During the 1938 midterm elections, many Democrats were, as Vice-President John Nance Garner said, “mad clean through” at FDR and did little to support him in Congress.  Republicans attacked federal spending that was out of control—the national debt had almost doubled in five years.  On election day, FDR as we have seen, lost the 81 House seats, a number that has only been rivaled with the elections this year.

President Obama, also confident with his political mandate, moved to enact a near trillion dollar stimulus package, various bailouts and auto takeovers, and, finally, an unpopular health care bill.  Voters consistently said they thought any benefits in the federal spending was outweighed by the debts that we would pay, and then hand down to our grandchildren to pay further.  The result was a Republican triumph.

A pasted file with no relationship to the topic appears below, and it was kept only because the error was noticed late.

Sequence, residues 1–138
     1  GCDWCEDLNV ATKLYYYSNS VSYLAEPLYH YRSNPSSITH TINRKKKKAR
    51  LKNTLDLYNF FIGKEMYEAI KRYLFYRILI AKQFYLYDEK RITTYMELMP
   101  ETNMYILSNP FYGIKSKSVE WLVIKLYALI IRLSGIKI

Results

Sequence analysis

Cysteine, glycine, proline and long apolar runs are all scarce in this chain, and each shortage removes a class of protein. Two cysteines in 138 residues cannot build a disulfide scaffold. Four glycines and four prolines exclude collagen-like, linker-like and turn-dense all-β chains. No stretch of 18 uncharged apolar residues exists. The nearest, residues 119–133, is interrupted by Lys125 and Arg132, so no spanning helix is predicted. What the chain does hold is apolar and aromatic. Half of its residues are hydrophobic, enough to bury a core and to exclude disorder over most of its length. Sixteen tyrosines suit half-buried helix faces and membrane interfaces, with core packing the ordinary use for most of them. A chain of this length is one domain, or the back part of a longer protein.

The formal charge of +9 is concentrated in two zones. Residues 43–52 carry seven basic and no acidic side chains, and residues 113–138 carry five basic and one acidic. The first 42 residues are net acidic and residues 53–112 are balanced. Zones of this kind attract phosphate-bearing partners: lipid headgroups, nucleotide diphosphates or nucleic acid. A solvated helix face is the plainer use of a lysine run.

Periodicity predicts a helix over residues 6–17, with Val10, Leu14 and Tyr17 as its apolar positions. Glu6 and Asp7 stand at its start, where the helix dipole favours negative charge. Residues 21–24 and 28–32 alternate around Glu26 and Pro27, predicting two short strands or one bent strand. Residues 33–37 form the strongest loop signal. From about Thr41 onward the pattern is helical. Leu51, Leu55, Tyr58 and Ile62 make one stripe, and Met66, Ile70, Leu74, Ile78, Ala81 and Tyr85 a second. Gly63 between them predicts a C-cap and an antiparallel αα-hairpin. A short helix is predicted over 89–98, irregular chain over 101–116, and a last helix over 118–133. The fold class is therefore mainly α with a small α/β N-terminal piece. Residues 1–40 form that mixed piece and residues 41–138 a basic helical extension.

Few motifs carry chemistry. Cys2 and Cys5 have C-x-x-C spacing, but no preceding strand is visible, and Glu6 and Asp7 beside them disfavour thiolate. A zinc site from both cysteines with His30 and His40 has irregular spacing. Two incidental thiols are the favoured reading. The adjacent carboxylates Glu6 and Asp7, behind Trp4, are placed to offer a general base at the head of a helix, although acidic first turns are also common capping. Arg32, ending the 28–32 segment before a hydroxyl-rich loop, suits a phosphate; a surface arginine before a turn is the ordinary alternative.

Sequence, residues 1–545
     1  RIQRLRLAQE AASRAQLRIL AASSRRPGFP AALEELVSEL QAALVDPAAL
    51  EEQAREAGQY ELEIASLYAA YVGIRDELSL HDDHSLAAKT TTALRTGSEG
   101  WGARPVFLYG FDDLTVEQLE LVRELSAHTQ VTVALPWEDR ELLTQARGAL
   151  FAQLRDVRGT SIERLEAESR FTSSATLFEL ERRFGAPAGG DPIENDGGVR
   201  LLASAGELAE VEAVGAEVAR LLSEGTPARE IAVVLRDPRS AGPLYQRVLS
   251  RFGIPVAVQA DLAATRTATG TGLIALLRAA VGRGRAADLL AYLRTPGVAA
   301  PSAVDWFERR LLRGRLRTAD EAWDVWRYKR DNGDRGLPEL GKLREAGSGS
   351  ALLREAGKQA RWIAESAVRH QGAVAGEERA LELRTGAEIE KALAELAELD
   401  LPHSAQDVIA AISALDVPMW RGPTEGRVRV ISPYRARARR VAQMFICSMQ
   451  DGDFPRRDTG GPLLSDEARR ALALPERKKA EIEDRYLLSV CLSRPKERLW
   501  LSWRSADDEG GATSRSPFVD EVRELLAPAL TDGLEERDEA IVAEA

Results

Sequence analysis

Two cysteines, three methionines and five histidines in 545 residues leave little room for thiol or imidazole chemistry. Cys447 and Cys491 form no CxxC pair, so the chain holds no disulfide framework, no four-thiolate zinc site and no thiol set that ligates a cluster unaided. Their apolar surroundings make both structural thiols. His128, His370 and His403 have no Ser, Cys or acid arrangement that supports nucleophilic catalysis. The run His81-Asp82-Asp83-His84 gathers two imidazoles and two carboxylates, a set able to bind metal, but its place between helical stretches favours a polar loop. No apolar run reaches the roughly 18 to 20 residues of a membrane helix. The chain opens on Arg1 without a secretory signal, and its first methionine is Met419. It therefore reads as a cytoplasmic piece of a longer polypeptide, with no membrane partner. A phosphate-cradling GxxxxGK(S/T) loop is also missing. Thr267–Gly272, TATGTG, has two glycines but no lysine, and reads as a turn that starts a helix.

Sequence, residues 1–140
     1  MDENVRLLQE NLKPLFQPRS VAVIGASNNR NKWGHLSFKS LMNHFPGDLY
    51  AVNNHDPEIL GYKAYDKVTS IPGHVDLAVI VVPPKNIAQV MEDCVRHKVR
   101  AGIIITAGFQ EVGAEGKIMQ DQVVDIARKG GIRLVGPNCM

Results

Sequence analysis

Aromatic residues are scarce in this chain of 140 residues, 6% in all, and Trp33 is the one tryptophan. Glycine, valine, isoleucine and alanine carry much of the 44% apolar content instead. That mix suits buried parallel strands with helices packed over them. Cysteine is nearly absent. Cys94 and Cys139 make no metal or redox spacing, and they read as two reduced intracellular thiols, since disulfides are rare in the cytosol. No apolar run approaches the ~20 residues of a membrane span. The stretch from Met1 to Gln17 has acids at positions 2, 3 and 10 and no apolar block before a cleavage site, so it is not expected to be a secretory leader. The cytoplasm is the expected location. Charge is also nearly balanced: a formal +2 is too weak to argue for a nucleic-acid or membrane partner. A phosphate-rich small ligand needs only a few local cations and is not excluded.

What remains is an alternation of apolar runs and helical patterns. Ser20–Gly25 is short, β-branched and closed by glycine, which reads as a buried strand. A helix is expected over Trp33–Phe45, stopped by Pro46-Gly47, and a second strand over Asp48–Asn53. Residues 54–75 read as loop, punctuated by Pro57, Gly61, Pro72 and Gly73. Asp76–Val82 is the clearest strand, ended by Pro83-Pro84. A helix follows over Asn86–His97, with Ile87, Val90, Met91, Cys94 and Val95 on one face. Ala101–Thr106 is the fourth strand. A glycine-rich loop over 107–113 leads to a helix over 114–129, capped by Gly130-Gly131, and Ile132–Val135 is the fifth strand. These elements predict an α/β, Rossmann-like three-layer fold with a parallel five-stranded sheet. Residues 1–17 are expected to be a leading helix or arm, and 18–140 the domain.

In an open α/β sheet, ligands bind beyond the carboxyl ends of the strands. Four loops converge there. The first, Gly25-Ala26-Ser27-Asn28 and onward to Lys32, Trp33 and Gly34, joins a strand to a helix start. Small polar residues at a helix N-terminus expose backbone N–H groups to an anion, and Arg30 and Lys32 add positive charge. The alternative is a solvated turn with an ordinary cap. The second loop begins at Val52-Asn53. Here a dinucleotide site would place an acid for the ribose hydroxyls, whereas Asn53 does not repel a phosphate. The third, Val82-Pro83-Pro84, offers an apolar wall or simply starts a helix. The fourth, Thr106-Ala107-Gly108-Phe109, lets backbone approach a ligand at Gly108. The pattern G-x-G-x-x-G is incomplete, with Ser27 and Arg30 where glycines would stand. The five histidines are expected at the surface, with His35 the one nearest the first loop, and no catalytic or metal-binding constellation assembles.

One point of cheer for the president is this:  When FDR lost, he worked with Congress, built up his Democratic base, and won re-election two years later.  Will voters this time want the spending faucets turned off indefinitely?